Happy St Patrick’s Day! I commemorated the feast of the Apostle to Ireland with a post about the man himself a while back. Another year, I posted about his missionary predecessor, Palladius. This year, I’d like to commemorate St Patrick by mentioning some of those people who are his spiritual descendants, men and women who trod the ancient path of Jesus as a result of the conversion of Ireland.
St Brigid seems to be the only one here who didn’t leave Ireland …
St Columba (521-597) — One of the important missionaries to Scotland, St Columba operated in the north of that country. He founded the monastery of Iona as a monastic mission centre for Britain. I’ve posted about him here and here. I also posted about the Life of St Columba by Adomnan and about St Columba’s poetry.
St Aidan of Lindisfarne (d. 651) — An important missionary to England, St Aidan was a monk from Iona and was instrumental in the conversion of Northumbria. I’ve posted about him here.
St Brigid of Kildare (c. 451 – c. 523) — St Brigid has occasionally been accused of not existing; recent scholarship says she did. She was an abbess and foundress of abbeys in Ireland. She also wrote some grand poetry.
St Brendan the Navigator (c. 484 – c. 577) — One tradition that arose in early mediaeval Irish Christianity was wandering as a spiritual exercise — similar to pilgrimage, but not with Jerusalem or any such place as a destination. St Brendan decided to sail West, and he met various wonders along the way, including sea monsters and an icy gateway to Hell. You can read the medieval account of his voyage here. He also founded abbeys and suchlike in Ireland.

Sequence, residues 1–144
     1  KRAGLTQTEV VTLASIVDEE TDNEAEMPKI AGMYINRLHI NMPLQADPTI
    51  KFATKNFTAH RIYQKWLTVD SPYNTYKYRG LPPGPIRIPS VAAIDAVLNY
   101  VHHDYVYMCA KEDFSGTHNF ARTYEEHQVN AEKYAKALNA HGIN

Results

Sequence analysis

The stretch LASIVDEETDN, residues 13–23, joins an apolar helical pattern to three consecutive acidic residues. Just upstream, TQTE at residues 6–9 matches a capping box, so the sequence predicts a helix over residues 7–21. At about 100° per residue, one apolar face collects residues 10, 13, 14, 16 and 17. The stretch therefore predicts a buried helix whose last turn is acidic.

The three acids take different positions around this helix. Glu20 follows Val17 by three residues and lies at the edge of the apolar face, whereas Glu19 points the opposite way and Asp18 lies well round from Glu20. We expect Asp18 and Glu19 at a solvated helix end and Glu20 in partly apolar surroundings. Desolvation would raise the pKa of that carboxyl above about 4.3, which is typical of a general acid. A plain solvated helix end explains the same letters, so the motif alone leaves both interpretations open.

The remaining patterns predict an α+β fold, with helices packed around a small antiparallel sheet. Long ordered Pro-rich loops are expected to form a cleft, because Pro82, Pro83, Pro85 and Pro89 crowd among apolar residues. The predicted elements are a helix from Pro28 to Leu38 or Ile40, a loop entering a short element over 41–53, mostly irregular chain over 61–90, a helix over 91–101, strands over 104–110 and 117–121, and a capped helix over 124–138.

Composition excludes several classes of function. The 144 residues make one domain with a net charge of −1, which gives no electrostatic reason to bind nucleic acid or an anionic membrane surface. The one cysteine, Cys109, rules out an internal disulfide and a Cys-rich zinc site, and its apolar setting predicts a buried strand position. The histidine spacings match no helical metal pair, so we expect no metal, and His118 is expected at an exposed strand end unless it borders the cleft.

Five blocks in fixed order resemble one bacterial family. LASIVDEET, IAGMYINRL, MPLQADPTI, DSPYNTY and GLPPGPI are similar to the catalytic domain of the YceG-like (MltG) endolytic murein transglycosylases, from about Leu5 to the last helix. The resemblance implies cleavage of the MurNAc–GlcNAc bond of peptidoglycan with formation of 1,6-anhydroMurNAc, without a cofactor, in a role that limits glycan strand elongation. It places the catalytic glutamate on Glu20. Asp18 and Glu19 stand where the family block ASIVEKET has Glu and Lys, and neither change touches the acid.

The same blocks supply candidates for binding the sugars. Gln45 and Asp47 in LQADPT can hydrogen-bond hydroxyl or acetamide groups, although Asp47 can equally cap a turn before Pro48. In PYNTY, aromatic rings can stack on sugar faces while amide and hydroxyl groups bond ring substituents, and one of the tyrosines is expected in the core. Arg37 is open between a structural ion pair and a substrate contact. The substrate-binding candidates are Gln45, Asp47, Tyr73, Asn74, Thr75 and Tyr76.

St Columbanus (540-615) — St Columbanus was a monastic missionary to the Continent where his mission was more about founding monasteries and bringing renewal to the church than converting the heathen. He founded some very important monasteries in Italy and Gaul, and his Rule was used throughout the seventh century and into the eighth. I have discovered his Sermons, Letters, and Rule online as well as his very interesting Boat Song. He was an important part of the Insular contact with the Continent, coming from Ireland and founding monasteries at Luxueil and Bobbio, both of which were important in the Merovingian and Carolingian age. You can read a seventh-century account of his life online as well, written by Jonas, who became a monk at Bobbio three years after Columbanus’ death.
John Scotus Eriugena (815-877) — Eriugena was a notable theologian and philosopher in the ninth century who helped establish the work of Pseudo-Dionysius the Areopagite in the western tradition. Some have found commonalities between him and Maximus the Confessor, others between him and Buddhist texts. Eriugena is not a canonised saint. You can read about him at the Stanford Encyclopedia of Philosophy.
So, since you probably can’t get out to the pub tonight, stay in with a Guinness or a whiskey, and read about an Irish saint or two!